Then unusual volume began to come into the stock, trading more than 19x the previous day’s volume. This above-average activity hasn’t stopped since. The root of that? GameStop Corp. struck a deal with Chewy Inc. (NYSE: CHWY) co-founder Ryan Cohen to add him and two former colleagues to its board. Last year he pushed the company to focus on digital sales instead of retail. Redditors on WallStreetBets began praising the move by GameStop and further called for a rally that could only be compared to the movie, The 300, taking a stand against Wall St. heavyweights trying to short the gaming retailer.
The Line In The Sand & A Penny Stock Up 13,706% Since April
This was the proverbial line in the sand drawn by retail traders. What has ensued is an epic short-squeeze that sent shares of the former penny stock to all-time highs of $354.83. Since its 52-week lows in April 2020 of $2.57, GameStop stock has mounted a rally of more than 13,700%.
“Oddly [“For What It’s Worth” by Buffalo Springfield] might be an anthem for the younger investors who have flooded the Wall Street Bets site with positive commentary about GameStop, the long-in-decline brick and mortar store that has been the target of perpetual shorts all the way down from $47 five years ago to $4 in 2020,” Mad Money host Jim Cramer wrote in his Real Money column.
We even saw people like Tesla (NASDAQ: TSLA) CEO Elon Musk pay homage to WallStreetBets in a tweet that said, “Gamestonk!!” with a link to the subreddit. Other famed investors like Chamath Palihapitiya, chairman of Virgin Galactic (NYSE: SPCE), went the YOLO-route as well. In a multi-tweet series, Palihapitiya asked his followers what he should buy next. The ultimate consensus was GameStop. He said, “Lots of $GME talk soooooo….We bought Feb $115 calls on $GME this morning. Let’s gooooooo!!!!!!!!”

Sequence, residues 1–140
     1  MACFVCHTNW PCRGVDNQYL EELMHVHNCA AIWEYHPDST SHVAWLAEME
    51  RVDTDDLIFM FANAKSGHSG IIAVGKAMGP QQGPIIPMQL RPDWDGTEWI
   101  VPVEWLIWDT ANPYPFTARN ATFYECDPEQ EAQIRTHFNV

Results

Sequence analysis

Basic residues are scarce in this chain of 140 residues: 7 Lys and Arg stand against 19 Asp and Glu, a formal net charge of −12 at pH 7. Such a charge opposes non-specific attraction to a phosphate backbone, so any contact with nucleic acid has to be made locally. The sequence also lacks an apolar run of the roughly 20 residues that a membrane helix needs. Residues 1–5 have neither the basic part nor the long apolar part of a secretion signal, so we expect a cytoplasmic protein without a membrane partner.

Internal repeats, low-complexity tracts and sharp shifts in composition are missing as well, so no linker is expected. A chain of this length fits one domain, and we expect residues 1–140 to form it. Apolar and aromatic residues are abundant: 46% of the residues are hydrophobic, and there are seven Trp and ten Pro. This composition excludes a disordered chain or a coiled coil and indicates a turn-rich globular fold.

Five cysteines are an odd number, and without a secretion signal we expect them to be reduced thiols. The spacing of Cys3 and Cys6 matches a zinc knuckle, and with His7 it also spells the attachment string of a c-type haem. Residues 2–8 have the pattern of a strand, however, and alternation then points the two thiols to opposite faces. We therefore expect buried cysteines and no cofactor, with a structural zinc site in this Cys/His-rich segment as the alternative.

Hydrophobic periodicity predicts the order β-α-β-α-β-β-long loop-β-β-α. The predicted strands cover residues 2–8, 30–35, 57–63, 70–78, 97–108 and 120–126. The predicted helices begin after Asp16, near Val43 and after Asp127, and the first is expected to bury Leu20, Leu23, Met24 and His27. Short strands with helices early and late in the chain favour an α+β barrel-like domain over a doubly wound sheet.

What has been an incredible side-effect of this is the sympathy trading in heavily shorted stocks. We see Redditors in WallStreetBets as well as the PennyStocks and RobinhoodPennyStocks subreddits taking on a similar mob mentality calling for focuses on certain companies. This week, current and former penny stocks like Nokia (NYSE: NOK), Express (NYSE: EXPR), Bed, Bath, & Beyond (NASDAQ: BBBY), and even BlackBerry (NYSE: BB) took to the skies.
A New Way Of Trading Or Just The Flavor Of The Month?
Whatever your feeling is on what’s happening in the stock market, it’s begun changing the fabric of traditional trading. Does it make sense that GameStop is now a multi-billion dollar company with no apparent recent fundamental changes? Should beaten-down retail stocks like Express be trading at 2-year highs after a year like 2020?
Right now, we’re seeing the birth of the new-school trader. These traders have found that working in unison for the same goal at the same time can send shockwaves across the market. What’s more, is that this new generation has some of the most forward-thinking minds rooting for it. Palihapitiya and Musk are just a few names that seem to support the new Wall Street. But if or when the Securities & Exchange Commission will weigh in is something to keep in mind. Will this truly mark a paradigm shift for Wall Street, or is this just a short-term trend in the market?